January 19, 2015

Coyotes and Pet Safety

Author: Gail Brasie


Tips To Stay Safe When It Comes To Coyotes

You’ve probably noticed the increasing presence of coyotes in the Chicago Suburbs in recent years, and whether you find them fascinating or nothing but a potentially dangerous pest, coyotes can pose a threat to your dogs. Read on for some tips and links to keeping your pet safe.

In general, coyotes are more afraid of you than you are of them, and according to the Cook County Urban Coyote Project, coyotes do not rely on pets for the majority of their diet. However, coyotes looking for food and coyotes who feel threatened over territory may get into a violent altercation with a dog of any size. This is especially true during their mating season, from January to March. This is also the time younger coyotes are striking out on their own, and may also be more aggressive.

Do not leave a pet unattended in a yard, especially in the early morning hours or at night. Keep your yard well-lit at night as well. However, coyotes have been spotted more and more during the day, so it’s best to supervise your pet while she’s out in the yard every time, and consider keeping them (especially smaller dogs) leashed. Fenced yards are not guarantees of safety—coyotes can jump fences of various heights. Also, Do not leave food out in the yard. This includes food or water for you pets, as well as bird seed on the ground or even food for squirrels. Consider keeping your garbage bins in the garage. Make it hard for a coyote to hide on your property: this may include clearing bushes or ferns in the winter months especially, as these can provide cover for a coyote to hide and then attack a pet.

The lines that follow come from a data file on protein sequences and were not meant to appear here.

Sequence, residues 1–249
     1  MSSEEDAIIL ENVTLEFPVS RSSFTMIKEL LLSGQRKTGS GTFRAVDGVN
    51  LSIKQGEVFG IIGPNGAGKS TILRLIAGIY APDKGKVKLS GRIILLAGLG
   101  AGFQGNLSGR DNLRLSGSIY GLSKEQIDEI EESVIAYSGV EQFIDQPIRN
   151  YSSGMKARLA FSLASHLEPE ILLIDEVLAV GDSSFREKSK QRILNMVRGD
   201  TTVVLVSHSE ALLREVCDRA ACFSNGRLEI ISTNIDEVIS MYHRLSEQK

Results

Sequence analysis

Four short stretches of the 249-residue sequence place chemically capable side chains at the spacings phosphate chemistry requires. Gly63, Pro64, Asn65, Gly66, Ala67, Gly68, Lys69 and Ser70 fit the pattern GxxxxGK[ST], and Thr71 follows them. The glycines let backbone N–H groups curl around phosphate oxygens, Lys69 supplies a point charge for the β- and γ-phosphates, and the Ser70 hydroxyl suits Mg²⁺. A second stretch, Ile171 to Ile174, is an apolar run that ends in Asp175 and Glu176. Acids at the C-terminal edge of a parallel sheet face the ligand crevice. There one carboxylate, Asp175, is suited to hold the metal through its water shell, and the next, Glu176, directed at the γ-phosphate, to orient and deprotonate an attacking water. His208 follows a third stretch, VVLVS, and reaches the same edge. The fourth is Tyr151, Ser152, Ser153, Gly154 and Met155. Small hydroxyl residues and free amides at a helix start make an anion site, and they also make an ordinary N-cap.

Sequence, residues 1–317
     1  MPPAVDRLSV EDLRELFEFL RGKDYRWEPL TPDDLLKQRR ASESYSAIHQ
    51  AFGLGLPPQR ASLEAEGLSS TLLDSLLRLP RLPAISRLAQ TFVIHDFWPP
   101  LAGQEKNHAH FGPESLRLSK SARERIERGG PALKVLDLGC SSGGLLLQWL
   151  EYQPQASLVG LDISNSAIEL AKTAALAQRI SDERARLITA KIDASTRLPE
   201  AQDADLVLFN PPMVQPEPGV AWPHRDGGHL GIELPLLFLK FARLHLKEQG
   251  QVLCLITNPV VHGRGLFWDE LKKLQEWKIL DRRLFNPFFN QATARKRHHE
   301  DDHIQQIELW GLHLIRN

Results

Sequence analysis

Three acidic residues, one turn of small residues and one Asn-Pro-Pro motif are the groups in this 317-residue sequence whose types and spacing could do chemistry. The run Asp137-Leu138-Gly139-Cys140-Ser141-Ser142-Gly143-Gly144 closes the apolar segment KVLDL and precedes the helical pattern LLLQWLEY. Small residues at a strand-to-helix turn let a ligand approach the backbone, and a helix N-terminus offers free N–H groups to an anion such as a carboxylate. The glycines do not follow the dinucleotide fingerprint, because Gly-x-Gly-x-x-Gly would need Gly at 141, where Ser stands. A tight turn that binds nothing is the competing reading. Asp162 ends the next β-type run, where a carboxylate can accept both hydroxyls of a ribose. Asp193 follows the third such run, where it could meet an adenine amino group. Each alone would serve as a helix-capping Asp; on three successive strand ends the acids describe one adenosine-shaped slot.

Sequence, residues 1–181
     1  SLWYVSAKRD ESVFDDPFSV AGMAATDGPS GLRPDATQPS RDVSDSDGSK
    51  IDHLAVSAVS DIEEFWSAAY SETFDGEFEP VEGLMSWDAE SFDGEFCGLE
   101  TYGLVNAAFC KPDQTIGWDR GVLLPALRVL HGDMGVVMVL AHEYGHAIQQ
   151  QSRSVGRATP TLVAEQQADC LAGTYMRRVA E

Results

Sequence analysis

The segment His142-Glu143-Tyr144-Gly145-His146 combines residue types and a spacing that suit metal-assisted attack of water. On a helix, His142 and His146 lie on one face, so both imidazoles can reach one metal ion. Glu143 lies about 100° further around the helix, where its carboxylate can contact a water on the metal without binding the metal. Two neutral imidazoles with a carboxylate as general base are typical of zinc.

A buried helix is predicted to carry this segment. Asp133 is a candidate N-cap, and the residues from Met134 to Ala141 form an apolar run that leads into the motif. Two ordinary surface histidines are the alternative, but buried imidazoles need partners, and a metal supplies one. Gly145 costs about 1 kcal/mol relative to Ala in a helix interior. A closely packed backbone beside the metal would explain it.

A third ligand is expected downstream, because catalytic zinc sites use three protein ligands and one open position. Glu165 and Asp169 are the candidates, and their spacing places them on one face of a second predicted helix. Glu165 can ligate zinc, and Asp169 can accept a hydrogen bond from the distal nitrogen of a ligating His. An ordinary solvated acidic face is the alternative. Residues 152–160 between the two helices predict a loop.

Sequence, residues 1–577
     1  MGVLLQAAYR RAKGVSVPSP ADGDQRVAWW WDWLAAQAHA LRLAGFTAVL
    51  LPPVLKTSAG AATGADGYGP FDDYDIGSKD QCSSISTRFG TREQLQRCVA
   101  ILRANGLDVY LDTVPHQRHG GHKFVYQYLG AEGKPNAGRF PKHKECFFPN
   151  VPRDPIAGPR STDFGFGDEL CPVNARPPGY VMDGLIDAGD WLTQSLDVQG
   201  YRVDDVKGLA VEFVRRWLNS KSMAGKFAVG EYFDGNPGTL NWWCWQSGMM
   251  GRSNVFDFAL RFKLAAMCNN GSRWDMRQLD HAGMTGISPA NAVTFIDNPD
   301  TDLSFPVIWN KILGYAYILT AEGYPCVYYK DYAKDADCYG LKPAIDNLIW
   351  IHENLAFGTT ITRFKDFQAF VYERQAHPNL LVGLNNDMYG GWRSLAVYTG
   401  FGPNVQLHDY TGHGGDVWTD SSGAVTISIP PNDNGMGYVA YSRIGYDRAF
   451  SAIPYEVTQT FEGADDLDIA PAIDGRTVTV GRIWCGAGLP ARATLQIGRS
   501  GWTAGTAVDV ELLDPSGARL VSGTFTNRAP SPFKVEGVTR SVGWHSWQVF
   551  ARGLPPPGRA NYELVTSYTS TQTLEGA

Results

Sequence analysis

If you encounter a coyote on your property, or during a dog walk, be assertive. The DuPage County Forest Preserve website recommends making yourself look bigger than you are by waving your arms and making noise. Do not turn and run. If you decide to make an exit, go slowly, and back away.

A potential run-in with a coyote is certainly a frightening thought, but remember that coyotes are not evil—they’re opportunistic and want to survive. With more and more land being developed, they have nowhere else to go, and like much other wildlife, they adapt their situation and learn to live in the same place we do. It’s best for all parties if coyotes are wary of people. Being on the lookout can make a huge difference in the safety of your pets.

Other Recent Blog POsts

floofins and co birthday original floofins celebration

Celebrating The Original Floofins’ Sweet 16

July 24, 2024
Read Post
family preparing for emergency with pets

Emergency Planning for Your Home & Pet

July 18, 2024
Read Post
pet photographer chicago

Beyond the Blurry Phone Pic: Schedule Professional Pet Photos Instead

July 10, 2024
Read Post
fourth of july chicago

Keeping Chicago Pets Safe on the Fourth of July

July 1, 2024
Read Post
Roofs For Floofs

Why Floofins & Co. Leads the Pack

June 26, 2024
Read Post
Floofins & Co Chicago

The Special Bond: What Makes Cat and Dog Dads Amazing

June 19, 2024
Read Post